To examine the long‐term impact of edicare payment reductions on patient outcomes for edicare acute myocardial infarction () patients.
Analysis of secondary data compiled from 100 percent edicare rovider nalysis and eview between 1995 and 2005, edicare hospital cost reports, npatient rospective ayment ystem ayment mpact iles, merican ospital ssociation annual surveys, ntertudy, rea esource iles, and ounty usiness atterns.
We used a natural experiment—the alanced udget ct () of 1997—as an instrument to predict cumulative edicare revenue loss due solely to the , and basing on the predicted loss categorized hospitals into small, moderate, or large payment‐cut groups and followed edicare patient outcomes in these hospitals over an 11‐year panel between 1995 and 2005.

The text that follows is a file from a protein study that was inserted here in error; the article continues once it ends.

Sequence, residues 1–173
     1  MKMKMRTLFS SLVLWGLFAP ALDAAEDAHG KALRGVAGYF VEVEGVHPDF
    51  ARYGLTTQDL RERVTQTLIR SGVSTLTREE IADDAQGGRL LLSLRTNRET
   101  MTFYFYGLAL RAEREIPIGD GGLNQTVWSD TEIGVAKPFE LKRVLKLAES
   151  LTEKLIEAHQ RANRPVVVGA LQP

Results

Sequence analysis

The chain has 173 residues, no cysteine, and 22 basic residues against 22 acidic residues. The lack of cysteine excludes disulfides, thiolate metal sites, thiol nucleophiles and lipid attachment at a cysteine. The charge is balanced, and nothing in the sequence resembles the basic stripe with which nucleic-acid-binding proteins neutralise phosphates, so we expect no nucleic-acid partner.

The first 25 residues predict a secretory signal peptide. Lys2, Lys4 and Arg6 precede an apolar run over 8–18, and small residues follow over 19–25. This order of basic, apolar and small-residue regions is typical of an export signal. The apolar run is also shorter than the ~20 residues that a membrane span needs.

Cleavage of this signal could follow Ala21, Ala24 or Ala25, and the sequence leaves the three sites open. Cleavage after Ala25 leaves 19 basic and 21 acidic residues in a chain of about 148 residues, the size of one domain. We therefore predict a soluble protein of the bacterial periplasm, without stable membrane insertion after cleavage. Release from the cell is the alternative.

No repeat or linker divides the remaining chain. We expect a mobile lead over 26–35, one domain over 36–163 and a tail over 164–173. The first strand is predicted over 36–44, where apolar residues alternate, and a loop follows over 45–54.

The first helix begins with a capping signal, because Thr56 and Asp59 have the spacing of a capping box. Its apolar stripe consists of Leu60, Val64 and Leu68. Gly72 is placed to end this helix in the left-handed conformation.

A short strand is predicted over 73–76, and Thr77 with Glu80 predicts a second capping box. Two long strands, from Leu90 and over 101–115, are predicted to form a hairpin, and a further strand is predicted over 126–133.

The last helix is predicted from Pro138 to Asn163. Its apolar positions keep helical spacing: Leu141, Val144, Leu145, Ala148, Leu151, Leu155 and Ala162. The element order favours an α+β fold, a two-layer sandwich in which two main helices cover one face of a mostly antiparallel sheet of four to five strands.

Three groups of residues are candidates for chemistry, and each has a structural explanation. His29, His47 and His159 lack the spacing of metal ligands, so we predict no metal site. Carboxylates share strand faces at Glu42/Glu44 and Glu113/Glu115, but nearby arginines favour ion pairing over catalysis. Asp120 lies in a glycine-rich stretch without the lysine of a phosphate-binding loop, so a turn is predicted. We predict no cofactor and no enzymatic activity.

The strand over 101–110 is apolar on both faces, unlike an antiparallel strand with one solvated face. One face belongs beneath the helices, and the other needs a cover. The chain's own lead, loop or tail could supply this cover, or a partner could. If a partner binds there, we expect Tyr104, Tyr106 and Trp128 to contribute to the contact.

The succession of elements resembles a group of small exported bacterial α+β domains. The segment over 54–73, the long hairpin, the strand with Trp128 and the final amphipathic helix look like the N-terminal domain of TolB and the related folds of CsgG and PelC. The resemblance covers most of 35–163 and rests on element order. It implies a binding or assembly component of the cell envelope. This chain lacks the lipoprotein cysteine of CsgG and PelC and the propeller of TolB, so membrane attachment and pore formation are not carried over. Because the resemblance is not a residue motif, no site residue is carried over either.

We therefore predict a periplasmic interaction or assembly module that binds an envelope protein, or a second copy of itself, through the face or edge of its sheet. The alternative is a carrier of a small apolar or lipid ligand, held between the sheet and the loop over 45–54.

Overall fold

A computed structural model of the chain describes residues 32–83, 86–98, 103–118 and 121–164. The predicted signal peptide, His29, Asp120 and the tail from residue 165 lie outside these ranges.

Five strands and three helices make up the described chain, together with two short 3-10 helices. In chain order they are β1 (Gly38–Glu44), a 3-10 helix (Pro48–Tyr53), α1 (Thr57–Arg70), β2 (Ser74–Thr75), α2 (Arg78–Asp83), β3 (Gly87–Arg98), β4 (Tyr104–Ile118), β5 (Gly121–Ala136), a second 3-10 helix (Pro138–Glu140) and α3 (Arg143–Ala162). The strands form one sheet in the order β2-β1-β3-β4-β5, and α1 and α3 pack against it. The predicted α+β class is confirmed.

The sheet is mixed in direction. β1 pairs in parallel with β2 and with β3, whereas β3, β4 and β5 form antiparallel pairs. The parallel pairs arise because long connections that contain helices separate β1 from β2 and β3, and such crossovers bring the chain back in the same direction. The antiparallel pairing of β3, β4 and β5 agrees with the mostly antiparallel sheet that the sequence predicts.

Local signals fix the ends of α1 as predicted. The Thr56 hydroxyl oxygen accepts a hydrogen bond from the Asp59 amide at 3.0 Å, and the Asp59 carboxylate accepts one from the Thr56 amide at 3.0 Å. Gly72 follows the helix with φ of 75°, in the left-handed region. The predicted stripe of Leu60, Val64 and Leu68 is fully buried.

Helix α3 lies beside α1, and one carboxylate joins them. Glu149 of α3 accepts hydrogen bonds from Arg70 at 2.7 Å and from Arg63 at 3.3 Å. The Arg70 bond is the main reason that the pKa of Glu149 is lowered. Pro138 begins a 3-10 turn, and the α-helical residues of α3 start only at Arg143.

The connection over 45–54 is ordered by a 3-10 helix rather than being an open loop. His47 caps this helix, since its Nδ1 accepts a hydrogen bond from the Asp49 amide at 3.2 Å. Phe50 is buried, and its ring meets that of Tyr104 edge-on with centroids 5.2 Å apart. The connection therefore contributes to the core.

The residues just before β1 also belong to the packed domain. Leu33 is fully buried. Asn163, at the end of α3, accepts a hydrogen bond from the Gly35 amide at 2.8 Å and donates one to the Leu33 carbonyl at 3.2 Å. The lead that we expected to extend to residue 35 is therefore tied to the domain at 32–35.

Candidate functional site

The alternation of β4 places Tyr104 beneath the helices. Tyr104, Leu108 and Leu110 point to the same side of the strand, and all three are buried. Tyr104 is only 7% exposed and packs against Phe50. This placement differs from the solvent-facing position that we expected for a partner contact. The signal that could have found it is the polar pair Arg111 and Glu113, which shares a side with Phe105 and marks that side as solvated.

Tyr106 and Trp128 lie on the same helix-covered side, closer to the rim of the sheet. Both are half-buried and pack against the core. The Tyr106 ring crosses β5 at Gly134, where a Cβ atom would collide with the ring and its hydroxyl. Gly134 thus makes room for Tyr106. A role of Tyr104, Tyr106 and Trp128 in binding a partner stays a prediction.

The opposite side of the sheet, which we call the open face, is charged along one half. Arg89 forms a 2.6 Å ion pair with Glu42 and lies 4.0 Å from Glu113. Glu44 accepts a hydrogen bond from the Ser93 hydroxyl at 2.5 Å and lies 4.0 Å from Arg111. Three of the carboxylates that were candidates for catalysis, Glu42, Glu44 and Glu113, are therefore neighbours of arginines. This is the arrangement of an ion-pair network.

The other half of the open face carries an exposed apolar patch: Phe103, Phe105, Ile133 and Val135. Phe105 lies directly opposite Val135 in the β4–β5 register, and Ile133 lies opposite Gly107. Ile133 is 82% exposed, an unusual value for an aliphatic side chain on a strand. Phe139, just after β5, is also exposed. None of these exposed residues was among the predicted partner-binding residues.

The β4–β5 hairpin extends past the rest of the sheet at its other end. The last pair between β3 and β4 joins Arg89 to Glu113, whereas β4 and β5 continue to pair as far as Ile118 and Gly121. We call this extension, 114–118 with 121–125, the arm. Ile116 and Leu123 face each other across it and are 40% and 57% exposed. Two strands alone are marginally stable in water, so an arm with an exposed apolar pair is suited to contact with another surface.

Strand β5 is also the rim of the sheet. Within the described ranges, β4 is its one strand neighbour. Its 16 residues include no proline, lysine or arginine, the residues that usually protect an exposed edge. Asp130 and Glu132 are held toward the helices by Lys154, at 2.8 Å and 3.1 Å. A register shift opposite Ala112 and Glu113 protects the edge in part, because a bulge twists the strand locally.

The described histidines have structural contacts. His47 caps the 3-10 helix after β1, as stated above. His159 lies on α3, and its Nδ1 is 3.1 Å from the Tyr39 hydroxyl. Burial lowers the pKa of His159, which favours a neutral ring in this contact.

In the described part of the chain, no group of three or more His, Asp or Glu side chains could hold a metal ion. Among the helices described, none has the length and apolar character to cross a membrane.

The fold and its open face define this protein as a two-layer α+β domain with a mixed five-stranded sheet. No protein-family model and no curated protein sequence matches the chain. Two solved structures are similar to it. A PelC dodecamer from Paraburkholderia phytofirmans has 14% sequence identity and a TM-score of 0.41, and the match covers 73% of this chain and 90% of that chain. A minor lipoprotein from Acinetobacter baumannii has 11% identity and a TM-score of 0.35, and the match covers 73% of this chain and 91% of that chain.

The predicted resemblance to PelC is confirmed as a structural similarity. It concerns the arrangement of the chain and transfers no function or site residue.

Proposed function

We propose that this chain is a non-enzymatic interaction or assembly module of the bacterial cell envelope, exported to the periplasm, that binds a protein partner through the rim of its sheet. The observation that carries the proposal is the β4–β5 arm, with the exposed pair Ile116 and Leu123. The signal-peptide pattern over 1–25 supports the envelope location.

We found that while edicare mortality trends remained similar across hospitals between pre‐ and initial‐ periods, hospitals facing large payment cuts saw smaller improvement in mortality rates relative to that of hospitals facing small cuts in the post‐ period. Part of the relatively higher mortalities among large‐cut hospitals might be related to reductions in staffing levels and operating costs, and a small part might be due to patient selection.
We found evidence that hospitals facing large edicare payment cuts as a result of of 1997 were associated with deteriorating patient outcomes in the long run. Medicare payment reductions may have an unintended consequence of widening the gap in quality across hospitals.